Philosophy, Cosmology, and Religion: Ten Lectures Given at the Goetheanum in Dornach, Switzerland, Sept. 6-15, 1922

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SteinerBooks, 1984 - Philosophy - 174 pages
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Contents

Lecture II September 7 1922
19
Lecture III September 8 1922
37
Lecture IV September 9 1922
53
Lecture V September 10 1922
71
Lecture VI September 11 1922
85
Lecture VII September 12 1922
99
Ordinary and Higher Consciousness
117
Lecture IX September 14 1922
135
Lecture X September 15 1922
153
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About the author (1984)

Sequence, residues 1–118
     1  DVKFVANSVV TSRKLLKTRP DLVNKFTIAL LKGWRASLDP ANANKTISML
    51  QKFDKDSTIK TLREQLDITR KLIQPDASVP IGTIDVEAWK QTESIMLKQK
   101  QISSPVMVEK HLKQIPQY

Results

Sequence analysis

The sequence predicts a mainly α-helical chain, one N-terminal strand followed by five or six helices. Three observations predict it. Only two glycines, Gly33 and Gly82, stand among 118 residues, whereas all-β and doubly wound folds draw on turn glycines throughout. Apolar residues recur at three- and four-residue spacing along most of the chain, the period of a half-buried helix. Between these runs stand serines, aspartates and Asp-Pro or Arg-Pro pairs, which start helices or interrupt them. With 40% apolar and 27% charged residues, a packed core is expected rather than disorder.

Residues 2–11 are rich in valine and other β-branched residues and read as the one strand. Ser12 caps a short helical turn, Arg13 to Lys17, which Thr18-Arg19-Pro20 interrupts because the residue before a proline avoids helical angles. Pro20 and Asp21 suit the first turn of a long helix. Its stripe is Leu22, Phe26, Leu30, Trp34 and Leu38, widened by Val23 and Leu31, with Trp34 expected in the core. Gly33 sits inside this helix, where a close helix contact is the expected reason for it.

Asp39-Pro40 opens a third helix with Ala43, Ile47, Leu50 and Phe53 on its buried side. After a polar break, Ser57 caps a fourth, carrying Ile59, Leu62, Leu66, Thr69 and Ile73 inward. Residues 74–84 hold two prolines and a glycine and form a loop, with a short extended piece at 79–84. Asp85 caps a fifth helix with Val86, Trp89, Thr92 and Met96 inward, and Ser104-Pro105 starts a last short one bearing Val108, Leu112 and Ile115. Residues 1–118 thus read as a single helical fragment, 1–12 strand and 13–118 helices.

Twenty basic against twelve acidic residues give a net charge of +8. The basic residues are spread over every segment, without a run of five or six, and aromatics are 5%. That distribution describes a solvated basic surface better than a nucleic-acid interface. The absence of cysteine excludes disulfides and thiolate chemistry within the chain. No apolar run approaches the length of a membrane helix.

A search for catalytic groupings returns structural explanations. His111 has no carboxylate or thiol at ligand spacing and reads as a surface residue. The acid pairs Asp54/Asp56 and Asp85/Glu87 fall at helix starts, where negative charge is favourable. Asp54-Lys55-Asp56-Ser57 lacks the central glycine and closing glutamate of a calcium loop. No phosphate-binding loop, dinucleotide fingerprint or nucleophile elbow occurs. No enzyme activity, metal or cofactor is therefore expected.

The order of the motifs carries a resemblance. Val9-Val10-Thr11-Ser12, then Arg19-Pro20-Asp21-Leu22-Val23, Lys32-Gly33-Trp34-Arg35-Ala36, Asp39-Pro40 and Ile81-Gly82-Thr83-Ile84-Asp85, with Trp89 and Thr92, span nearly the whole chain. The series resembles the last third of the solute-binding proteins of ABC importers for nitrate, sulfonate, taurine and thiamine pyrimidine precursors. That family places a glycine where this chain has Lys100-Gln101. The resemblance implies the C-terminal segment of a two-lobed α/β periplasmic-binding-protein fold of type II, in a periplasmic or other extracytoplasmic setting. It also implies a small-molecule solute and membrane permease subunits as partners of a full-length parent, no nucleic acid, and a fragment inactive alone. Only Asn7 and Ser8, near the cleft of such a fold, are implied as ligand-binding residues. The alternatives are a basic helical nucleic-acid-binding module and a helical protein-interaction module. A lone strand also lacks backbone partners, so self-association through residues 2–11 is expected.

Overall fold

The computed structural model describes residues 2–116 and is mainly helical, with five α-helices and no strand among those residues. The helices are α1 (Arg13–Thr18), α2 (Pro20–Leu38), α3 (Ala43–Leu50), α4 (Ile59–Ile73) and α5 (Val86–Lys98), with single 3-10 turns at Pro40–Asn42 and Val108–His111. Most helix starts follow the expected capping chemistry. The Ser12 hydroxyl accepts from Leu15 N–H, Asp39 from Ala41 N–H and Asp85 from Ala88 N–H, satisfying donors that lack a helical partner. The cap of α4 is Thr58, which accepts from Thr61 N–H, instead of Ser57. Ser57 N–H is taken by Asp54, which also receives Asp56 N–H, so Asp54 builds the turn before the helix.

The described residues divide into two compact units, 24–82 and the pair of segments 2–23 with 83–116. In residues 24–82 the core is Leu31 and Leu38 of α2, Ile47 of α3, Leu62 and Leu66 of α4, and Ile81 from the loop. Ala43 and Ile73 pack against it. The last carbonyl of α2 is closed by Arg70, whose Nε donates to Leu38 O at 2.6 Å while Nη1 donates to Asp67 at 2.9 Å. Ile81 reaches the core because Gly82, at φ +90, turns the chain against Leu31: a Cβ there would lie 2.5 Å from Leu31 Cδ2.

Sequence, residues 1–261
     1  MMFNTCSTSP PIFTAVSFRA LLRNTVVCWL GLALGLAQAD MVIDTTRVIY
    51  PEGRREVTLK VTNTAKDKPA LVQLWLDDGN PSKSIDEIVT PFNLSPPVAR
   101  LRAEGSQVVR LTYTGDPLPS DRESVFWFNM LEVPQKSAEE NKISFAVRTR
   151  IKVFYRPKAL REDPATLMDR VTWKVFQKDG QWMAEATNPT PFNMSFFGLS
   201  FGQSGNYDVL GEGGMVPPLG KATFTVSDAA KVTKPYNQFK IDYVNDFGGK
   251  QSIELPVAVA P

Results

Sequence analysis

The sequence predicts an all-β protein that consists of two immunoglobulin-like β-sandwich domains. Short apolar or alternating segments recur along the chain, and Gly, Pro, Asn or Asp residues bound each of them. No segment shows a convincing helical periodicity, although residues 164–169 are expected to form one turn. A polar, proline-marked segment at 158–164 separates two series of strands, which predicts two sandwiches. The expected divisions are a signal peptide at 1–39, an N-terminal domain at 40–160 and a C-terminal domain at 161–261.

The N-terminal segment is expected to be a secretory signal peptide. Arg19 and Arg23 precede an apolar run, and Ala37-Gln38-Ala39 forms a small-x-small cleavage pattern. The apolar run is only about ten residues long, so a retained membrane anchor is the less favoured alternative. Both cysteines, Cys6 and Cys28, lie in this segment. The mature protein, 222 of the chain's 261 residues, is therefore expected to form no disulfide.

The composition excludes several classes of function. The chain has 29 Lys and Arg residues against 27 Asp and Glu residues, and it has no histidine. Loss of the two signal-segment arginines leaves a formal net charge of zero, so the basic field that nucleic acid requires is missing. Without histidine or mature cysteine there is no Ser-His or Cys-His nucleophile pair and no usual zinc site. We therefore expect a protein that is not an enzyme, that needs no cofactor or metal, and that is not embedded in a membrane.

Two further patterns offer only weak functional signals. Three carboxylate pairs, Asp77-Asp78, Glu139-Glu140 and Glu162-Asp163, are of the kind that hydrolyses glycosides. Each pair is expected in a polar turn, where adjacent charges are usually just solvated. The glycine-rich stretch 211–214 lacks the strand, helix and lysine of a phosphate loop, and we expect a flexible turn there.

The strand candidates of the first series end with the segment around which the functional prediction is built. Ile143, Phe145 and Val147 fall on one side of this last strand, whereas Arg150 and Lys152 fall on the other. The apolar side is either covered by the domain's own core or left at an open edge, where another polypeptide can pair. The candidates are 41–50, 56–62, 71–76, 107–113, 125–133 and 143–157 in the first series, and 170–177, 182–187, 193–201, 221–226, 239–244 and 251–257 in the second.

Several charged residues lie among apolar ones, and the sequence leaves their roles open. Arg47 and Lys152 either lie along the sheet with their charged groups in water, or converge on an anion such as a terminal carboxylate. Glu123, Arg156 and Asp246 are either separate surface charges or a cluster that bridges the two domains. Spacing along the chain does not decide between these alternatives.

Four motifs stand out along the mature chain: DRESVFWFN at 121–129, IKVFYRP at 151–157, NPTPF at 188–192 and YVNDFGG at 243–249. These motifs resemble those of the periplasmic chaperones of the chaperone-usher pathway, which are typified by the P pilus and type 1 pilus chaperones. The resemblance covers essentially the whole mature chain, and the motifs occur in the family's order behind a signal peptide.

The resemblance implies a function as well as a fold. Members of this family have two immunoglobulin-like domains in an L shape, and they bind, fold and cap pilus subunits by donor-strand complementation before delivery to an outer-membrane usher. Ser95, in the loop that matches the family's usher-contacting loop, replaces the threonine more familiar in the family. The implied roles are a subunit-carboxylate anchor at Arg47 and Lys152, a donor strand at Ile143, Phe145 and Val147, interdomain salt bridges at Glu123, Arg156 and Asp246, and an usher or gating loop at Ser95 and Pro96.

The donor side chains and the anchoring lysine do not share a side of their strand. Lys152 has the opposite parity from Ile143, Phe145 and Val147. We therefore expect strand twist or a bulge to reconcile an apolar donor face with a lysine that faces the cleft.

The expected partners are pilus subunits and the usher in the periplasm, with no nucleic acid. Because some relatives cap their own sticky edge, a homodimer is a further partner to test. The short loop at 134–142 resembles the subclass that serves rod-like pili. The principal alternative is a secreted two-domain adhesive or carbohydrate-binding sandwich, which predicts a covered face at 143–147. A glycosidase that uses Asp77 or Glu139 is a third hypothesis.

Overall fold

Austrian-born Rudolf Steiner was a noted Goethe (see Vol. 2) scholar and private student of the occult who became involved with Theosophy in Germany in 1902, when he met Annie Besant (1847--1933), a devoted follower of Madame Helena P. Blavatsky (1831--1891). In 1912 he broke with the Theosophists because of what he regarded as their oriental bias and established a system of his own, which he called Anthroposophy (anthro meaning "man"; sophia sophia meaning "wisdom"), a "spiritual science" he hoped would restore humanism to a materialistic world. In 1923 he set up headquarters for the Society of Anthroposophy in New York City. Steiner believed that human beings had evolved to the point where material existence had obscured spiritual capacities and that Christ had come to reverse that trend and to inaugurate an age of spiritual reintegration. He advocated that education, art, agriculture, and science be based on spiritual principles and infused with the psychic powers he believed were latent in everyone. The world center of the Anhthroposophical Society today is in Dornach, Switzerland, in a building designed by Steiner. The nonproselytizing society is noted for its schools.

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